ANCHORAGE (AP) -- Six environmental groups have filed a federal lawsuit accusing the National Marine Fisheries Service of moving too slowly to protect Cook Inlet's dwindling beluga whale population.
The groups, which filed the suit Monday in U.S. District Court, are trying to get the whales listed as endangered animals.
Federal biologists last year proposed listing the belugas as ''depleted'' under the Marine Mammal Protection Act. The federal agency is expected to make a decision in a few weeks.
The environmental groups said they filed the lawsuit to force the agency to make a decision. A decision had been expected by early March.
The complaint charges the fisheries service and the U.S. Department of Commerce with violating the Endangered Species Act by ''not acting in a timely manner'' to determine a protective listing, according to the Center for Marine Conservation.
''This provides some insurance that they would make the decision in a timely way,'' said Jack Sterne, an attorney for Trustees of Alaska.
Ron Berg, the agency's deputy regional administrator in Juneau, said Tuesday the review is taking longer than anticipated. The agency has heard from various groups, including environmentalists and the oil and gas industry, about the protective listing proposal.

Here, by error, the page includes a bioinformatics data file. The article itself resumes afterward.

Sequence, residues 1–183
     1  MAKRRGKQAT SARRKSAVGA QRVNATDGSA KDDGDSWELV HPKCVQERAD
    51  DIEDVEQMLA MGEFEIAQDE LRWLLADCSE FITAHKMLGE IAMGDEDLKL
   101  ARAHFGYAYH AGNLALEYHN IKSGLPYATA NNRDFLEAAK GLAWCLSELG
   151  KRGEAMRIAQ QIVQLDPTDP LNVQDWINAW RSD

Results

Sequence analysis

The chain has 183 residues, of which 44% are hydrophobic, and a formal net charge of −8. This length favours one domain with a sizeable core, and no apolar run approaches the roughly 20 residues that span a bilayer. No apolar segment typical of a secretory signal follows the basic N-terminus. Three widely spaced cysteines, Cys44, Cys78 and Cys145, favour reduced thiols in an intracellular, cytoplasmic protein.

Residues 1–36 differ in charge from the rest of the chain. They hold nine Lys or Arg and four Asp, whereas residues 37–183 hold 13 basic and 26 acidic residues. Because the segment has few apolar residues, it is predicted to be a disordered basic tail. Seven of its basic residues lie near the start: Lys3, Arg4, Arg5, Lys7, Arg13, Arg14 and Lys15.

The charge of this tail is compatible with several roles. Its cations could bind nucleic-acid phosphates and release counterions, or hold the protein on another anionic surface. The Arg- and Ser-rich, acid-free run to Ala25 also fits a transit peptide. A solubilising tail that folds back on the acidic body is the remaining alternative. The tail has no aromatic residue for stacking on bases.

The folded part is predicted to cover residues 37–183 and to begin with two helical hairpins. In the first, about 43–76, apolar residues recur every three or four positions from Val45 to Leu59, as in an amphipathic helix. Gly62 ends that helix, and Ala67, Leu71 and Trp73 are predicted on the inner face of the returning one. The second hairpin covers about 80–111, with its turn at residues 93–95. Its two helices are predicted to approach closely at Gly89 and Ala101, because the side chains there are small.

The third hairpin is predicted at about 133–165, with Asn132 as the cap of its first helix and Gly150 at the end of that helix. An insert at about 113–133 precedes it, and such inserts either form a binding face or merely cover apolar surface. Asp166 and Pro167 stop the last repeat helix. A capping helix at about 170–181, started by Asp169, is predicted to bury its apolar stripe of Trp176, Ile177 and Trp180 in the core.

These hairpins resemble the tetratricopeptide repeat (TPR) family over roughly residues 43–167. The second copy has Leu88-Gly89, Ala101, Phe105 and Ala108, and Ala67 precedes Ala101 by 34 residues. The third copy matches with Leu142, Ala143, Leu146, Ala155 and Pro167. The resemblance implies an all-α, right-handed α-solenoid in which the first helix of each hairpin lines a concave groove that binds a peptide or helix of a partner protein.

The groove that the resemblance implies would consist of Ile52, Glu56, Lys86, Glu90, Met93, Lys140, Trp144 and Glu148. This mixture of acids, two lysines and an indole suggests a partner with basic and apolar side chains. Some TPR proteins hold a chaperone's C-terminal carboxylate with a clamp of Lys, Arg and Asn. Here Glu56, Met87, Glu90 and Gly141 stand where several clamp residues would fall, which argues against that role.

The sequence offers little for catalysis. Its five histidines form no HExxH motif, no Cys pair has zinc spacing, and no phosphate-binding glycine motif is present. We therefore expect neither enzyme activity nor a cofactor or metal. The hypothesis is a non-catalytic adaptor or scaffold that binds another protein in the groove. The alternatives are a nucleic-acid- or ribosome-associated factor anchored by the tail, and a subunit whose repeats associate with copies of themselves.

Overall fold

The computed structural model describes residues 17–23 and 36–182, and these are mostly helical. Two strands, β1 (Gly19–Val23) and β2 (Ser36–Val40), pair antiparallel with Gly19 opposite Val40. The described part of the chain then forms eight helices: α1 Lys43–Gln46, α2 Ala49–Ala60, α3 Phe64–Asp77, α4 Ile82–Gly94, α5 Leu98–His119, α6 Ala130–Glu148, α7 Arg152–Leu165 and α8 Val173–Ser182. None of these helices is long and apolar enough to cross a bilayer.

He said the agency's response is still in draft form. He refused to say what was in the report because it has not been made public.
Kris Balliet, Alaska director of the Center for Marine Conservation, said the agency likely is headed toward a depleted listing rather than the endangered listing they seek under the federal Endangered Species Act.
Balliet said an endangered listing is better because areas of critical habitat would be designated and development strictly monitored within those areas.
Over the past decade, the population of beluga whales in Cook Inlet has declined from about 1,000 to 357 last year. Overhunting is thought to be the main cause of the decline, but Balliet says other factors, such as oil and gas drilling and even shipping, could be a factor.
Ken Freeman, executive director of the Resource Development Council, said he doesn't think any listing is needed to protect the belugas. The RDC fears the higher-level protection would unnecessarily interfere with the oil industry and other commerce. He said a better response would be cooperation between hunters and federal officials to better manage whale hunts.
Peninsula Clarion © 2016. All Rights Reserved. | Contact Us